Batter's Box: Does The New Rule Work?

(originally written September 2016)

Every few years, there's an oft-uttered term in MLB sure to spark discussion, opinion, and sometimes controversy. Back in the 1990's, it was "salary cap". Later, it was "realignment", gradually succeeded by "revenue sharing",  "steroids", and more. 
The hot topic at present: "pace of play". 


"Pace of play" and "time of game" are used interchangeably, even though they don't necessarily mean the same thing. Some three-hour games are full of excitement and leave the paying customer wanting more. Some 2:40 games move glacially and are torturous to sit through.
Two years ago, before the "one foot in the batter's box" rule took effect, I watched a ton of major leaguers at the plate, as many as I could throughout the league. Too many dudes were dawdling in the box, adjusting this, re-adjusting that, staring into space, breathing deep, etc before practically every pitch. and I was going to call them out on the popular forum I wrote for at the time. 


It's one thing for a superstar like Derek Jeter, David Ortiz, or Ichiro to carry out their regular routine before a big at-bat. It's another for Ed Lucas to waste everyone's time psyching himself up on a 3-0 count in a game his last-place Marlins are trailing by 10.


Back then, Jay Bruce was one of the worst, if not the worst, box dawdlers, in the game. After every pitch, no matter the situation, an invisible hook not unlike that of Sandman would yank Bruce out of the box and almost onto the damn grass. Then we'd wait for him to deem himself ready and walk all the way back to the box, at which time the catcher would START flashing signs. 


Bruce actually inspired me to do an extended (about six-week) study on batters' box habits around the league in 2014—who was basically putting fans to sleep by unnecessarily dawdling in/around the box instead of actually hitting? 
Obviously, in some situations a little dawdling is justified, even necessary, so I generally (but not fully) limited my info gathering to regular, low-pressure at-bats—obviously, one could understand Nelson Cruz needing a couple extra seconds to gather himself with the tying runs on base in the 9th, as opposed to Seth Smith leading off the 2nd inning essentially taking short naps between every pitch.


Also factored out of the study:
⦁    brushback pitches
⦁    huge swingthroughs (trust me, sometimes you need a couple of moments after these)
⦁    potential sacrifice/hit-and-run situations (batter would be looking to coach for signs)
⦁    questionable strike calls (I don't advocate/approve stomping around in protest of a call—cough Angel Pagan cough—but for this type of study, we'll cut some slack)


In the end, I got ample data for about 250 veteran (or "established rookie", if there is such a thing) players. And by ample, I mean at least two at-bats in regular, low-pressure situations as described above, preferably over multiple games but not always. I noted their responses to balls and strikes separately.


The surprising results of the study: far fewer Jay Bruce-types in the league than I expected. The majority of dudes do what they do now: step one foot out of the box, pause, and reload. The percentage of dudes who stay firm in the box throughout the at-bat, as Barry Bonds used to do? Small, roughly 10%. Leonys Martin, Ben Revere, Josh Reddick, Nori Aoki and Rajai Davis were among the group.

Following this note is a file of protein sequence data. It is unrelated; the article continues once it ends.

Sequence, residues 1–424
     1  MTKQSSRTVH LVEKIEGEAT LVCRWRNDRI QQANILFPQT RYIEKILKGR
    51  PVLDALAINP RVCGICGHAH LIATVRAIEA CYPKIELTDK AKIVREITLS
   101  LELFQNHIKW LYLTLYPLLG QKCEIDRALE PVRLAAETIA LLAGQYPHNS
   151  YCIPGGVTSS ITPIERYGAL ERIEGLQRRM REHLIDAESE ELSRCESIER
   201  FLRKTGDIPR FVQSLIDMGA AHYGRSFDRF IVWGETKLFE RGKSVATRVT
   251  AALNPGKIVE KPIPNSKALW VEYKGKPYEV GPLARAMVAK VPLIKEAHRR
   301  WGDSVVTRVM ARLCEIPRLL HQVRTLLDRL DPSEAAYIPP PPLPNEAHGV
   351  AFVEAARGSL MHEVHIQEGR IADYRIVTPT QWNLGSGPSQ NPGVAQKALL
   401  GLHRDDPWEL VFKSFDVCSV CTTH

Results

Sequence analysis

Aside from Bruce, noteworthy dawdlers included Stephen Drew (who would tap each cleat and turn down the first base line), young Roughned Odor, Will Venable, Chase Headley, Austin Jackson, Brandon Belt, Adam Lind, and Brad Miller. These are the dudes who'd wander out of the box, practice-swing, practice-swing, glove-adjust, glare at the bat, sigh, dig in the box, stare off into space, then face the pitcher. This could drag on up to 25 seconds sometimes...a bunch of Nomar Garciaparra's. (Note: Never thought I'd have to differentiate between Nomars...wasn't going to write "Garciaparra" initially. Thanks, Mazara.)


Today (2016), while the pace still lags in other areas, for the most part the batter's box rule is effective. For the past six weeks I've been surveying major leaguers again, in an effort to determine if MLB's financial penalty for habitual box dawdlers has had any impact. While parts of the game (cough, replay, cough) often fall far short in the promptness department, box dawdling is dramatically improved (based on my limited sample size). Study B followed the same criteria as Study A.


The result: almost no one steps completely out of the box anymore save for the situations laid out above (big swingthroughs, brushbacks, etc.) The majority of dudes toe the box line between pitches; just about all of the others plant roots in the box upon entry (a small bunch leave the box so briefly and innocuously, to hold it against them would be anal and stupid—they're not seen as violators, at least to me.) The young kid from Atlanta, Dansby Swanson, is an egregious exception—his habits were absolutely painful to endure; he dawdled and lingered between literally every pitch. Ironically, he stayed in the box upon calling time-out! Likely the noob just needs time in the league and a couple ump rebukes to adjust. 
In one at-bat, Jake Smolinski of Oakland did not leave the box, but considering the length of time he tranced there between pitches, he might as well have...another painful at-bat. Miami's Dee Gordon also stepped fully out between pitches, but he was graded post-suspension and may have just forgotten the new guidelines. Or maybe he just doesn't give a s---. 

2009 Topps #116 Omar Infante, Braves